Equipped with a wealth of biology lab experience, Joshua Morales ’20 researched how the brain connects its synapses, paving the way for better treatment for diseases like Alzheimer’s.
Morales, who designed his own neurobiology major through the Whittier Scholars Program, earned a coveted summer internship at the California Institute of Technology (Caltech). He studied how proteins in the brain work, including using flies as miniature models for studying neurons and how they develop.
“The work we did is very important because we are closer to understanding the mechanisms behind how the neurons in the brain are able to form connections during development,” Morales said. Further research can shed more light on early onset developmental diseases, and help find a way to reconnect neurons in diseases such as Alzheimer's.
To lay a foundation for that work, Morales and his mentor edited flies’ genomes to see what effect turning off specific proteins would have on their brain development. He also took telling snapshots of neurons in fly embryos that had specific proteins attached to their genes.
Examining the genetic make-up of flies—particularly the unborn ones—is no easy task. It requires a strong attention to detail, on top of the important laboratory skills required for advanced work like editing genes and cloning molecules to test out theories. But Morales was well prepared.
“My experiences at Whittier played a crucial role in being able to succeed in my research at Caltech,” Morales said. “I don't even know where to begin but there were so many skills I learned at Whittier that helped me succeed.”
His preparation for success began on day one, when he walked into his first-year writing seminar, Biology of Aging. The course introduced students to real, hands-on research, and how to clearly and effectively relate their findings. During his project with Professor Hector Valenzuela, Morales also learned how to tell male and female fruit flies from one another—which is as hard as it sounds, but an important step before investigating finer details like their biological building blocks.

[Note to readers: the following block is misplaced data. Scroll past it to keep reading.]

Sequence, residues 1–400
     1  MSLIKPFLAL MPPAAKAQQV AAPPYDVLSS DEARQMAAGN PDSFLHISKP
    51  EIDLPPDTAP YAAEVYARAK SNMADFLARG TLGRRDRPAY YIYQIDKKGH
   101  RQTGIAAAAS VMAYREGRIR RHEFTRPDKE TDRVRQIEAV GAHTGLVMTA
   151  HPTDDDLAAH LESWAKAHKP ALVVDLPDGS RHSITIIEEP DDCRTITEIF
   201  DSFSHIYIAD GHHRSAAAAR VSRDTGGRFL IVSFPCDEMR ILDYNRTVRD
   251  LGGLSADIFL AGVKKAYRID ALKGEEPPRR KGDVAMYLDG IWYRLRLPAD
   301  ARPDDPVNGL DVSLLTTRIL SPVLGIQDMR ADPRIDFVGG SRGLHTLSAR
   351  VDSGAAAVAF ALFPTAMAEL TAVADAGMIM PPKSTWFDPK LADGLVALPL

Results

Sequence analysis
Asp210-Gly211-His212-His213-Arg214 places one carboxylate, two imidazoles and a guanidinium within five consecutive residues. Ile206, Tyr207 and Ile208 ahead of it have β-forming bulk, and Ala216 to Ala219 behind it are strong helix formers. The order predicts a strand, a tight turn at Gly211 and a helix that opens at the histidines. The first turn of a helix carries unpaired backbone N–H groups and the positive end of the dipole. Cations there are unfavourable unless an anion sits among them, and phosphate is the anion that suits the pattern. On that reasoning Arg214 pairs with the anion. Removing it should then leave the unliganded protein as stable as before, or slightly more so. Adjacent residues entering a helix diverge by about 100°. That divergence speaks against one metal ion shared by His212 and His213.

The experience paid off. When Morales arrived at his neurobiology internship, his mentor asked him to demonstrate how to tell the flies apart by sex. Morales didn’t make a single mistake.
“She was really impressed,” he said. “And on top of that, she said that I did about five times faster than all her previous summer students.”
The summer internship wasn’t his first foray into real research, either. Through his Biology of Aging course, he and other students applied for—and won—mini-grants from the National Science Foundation to conduct personally crafted research projects. As only a rising sophomore, Morales studied the effectiveness of a new treatment for leukemia. With Valenzuela as his mentor, Morales learned a lot of new laboratory techniques for studying cells and molecules that, he said, he otherwise wouldn’t have been able to learn elsewhere.
Morales even found that much of his lab work in his upper-division Molecular Genetics course had equipped him well for the molecular cloning techniques he needed to perform at Caltech.
Now that he’s back on campus, he’s looking forward bringing his experience with editing genes in neurons to his senior project. It’s still in the planning stages, but he hopes to find an application for preventing disease.
Neurons fascinate Morales. With so much to discover about the tiny cells that make up the nervous system, he’s curious to find out more.
“Neurobiology is very interesting to me because the neuron in the only cell in our body that allows us to make decisions, have thoughts, come up with innovative ideas,” Morales said.
With the experience he’s had so far, he’s ready to explore that question deeper.